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#24 - Andy Warhol’s Brillo Boxes is a stack of boxes that

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Iqranaqvi
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Hey,

Could you explain how E is the correct answer. I am getting confused by the wording of the answer. Thanks!
James Finch
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Hi Iqranaqvi,

The first step to answering a Method question like this one correctly is to understand what is going on in the stimulus so that you can accurately Prephrase an answer. We're given two visually identical objects, one of which is considered art, the other not. This leads to the conclusion that appearance is not the sole criterion for whether an object is art or not. This is sound reasoning, and fairly straightforward: two things look the same, but are actually different, so looks can't be the sole determining factor of state of being. The evidence serves to disprove a potential hypothesis. This question is really testing a basic understanding of the scientific method.

This is one of those late-section tough questions where the correct answer choice is written in a deliberately obtuse manner. Thankfully, the other answer choices are more straightforward, and thus more straightforwardly incorrect. So this question I would answer by process of elimination, as my only potential contender after reading all five choices was the one that I was confused by. Of course if you have the time, it is worth working through what the language means in order to validate that (E) is in fact the correct answer choice.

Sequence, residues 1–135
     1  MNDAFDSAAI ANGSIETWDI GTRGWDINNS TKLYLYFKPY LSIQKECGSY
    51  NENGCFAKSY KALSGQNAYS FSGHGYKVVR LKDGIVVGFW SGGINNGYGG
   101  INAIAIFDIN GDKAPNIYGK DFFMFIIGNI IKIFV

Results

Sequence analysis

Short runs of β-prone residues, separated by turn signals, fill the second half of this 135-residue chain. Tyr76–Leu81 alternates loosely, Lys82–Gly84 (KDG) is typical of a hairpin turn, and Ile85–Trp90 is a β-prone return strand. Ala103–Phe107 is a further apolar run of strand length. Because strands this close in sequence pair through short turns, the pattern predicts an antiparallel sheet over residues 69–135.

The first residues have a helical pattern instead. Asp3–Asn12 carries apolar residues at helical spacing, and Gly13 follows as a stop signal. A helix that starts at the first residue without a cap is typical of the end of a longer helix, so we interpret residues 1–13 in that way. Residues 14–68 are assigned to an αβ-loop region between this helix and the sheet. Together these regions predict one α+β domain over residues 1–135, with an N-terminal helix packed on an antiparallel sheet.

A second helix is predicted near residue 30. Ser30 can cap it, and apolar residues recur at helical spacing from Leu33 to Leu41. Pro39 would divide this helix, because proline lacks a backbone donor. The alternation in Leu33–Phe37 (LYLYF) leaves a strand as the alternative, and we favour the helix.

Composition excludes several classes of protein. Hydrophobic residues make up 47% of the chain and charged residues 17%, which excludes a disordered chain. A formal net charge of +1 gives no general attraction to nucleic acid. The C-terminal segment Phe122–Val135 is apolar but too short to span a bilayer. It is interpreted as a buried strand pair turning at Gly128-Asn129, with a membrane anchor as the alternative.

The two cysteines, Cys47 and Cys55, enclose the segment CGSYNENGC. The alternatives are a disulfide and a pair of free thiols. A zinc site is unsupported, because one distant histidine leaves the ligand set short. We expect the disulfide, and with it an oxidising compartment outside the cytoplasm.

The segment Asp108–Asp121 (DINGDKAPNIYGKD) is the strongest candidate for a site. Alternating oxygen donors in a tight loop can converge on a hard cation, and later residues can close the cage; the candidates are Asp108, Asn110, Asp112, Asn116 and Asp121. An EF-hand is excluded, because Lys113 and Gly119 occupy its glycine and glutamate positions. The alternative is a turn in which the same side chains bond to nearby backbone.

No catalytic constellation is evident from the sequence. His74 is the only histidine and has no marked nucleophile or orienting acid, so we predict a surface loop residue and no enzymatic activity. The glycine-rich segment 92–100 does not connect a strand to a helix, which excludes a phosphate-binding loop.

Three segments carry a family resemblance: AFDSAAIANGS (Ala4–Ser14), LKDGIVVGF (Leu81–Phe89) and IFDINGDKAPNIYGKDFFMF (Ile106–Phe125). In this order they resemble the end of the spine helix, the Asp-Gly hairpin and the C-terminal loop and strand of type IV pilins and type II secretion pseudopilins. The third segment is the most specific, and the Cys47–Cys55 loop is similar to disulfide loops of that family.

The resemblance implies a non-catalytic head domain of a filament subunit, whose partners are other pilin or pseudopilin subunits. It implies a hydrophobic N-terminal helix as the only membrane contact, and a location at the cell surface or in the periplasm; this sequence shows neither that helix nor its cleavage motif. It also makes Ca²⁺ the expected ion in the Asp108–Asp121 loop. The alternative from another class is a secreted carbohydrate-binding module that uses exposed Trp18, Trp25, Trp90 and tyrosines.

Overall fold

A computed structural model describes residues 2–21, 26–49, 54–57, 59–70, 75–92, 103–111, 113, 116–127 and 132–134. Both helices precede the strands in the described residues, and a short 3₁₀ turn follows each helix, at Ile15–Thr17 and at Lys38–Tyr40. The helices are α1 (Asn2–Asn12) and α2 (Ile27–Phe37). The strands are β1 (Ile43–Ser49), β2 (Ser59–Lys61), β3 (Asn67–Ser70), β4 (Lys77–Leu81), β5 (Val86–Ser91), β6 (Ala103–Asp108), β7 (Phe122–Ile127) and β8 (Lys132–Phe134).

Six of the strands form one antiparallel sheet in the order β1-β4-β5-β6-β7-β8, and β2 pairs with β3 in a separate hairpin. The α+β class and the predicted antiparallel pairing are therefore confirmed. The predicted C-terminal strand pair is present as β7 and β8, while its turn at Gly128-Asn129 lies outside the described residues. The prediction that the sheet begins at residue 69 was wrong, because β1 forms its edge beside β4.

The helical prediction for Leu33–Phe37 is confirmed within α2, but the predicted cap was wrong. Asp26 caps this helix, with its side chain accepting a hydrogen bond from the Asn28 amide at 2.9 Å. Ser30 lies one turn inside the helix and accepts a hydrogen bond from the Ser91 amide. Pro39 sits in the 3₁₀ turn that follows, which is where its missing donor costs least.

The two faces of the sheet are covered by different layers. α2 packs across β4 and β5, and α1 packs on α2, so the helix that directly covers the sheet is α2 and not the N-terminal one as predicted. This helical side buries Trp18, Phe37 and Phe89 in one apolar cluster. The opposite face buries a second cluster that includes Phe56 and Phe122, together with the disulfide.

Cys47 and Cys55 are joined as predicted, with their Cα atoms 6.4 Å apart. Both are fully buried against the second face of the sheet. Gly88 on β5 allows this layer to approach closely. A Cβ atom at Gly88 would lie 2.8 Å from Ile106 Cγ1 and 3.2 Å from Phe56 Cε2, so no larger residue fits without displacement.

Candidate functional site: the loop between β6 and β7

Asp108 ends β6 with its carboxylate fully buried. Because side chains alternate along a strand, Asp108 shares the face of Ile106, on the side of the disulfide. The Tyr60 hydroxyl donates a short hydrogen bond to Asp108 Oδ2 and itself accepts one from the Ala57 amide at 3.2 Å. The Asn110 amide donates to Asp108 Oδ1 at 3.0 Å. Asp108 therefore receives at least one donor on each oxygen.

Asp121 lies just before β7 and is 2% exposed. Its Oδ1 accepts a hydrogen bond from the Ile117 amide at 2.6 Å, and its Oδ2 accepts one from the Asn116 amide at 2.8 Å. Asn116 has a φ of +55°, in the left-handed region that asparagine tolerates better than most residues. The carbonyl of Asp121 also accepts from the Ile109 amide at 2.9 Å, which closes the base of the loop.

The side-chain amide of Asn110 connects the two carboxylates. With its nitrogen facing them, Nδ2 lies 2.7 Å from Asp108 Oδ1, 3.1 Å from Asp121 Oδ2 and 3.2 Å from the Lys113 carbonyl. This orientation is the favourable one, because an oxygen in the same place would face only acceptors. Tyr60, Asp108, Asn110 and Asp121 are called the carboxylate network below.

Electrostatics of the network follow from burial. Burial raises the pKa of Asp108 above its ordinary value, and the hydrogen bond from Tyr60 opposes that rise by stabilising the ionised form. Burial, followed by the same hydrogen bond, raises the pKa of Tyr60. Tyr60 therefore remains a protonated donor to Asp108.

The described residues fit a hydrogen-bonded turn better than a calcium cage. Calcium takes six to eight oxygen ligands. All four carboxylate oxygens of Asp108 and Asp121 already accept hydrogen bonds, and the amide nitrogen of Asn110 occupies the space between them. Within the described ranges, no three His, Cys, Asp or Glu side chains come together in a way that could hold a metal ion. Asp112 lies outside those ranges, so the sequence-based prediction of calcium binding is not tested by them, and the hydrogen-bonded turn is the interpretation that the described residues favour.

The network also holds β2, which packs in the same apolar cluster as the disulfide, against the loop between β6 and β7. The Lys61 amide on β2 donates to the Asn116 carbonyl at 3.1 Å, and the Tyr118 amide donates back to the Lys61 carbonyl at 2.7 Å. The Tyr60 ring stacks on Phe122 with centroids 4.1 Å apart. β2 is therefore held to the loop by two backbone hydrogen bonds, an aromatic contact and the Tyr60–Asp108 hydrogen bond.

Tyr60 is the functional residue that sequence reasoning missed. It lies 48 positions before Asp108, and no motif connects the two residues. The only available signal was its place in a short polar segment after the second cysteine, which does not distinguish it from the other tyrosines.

So what does it mean? Let's go back to the Prephrase: evidence/premises is used to disprove a hypothesis/conclusion. (E) gives us a clue with its diction (using the word "thesis") despite the horrifying syntax; with answer choices like these, I rewrite them in my head in order to clarify their meaning. Here, if we rearrange the sentence to say "if a particular thesis were correct, something that is actually true would be impossible" gives us a meaning essentially the same as the Prephrase, making it correct.

Hope this clears things up!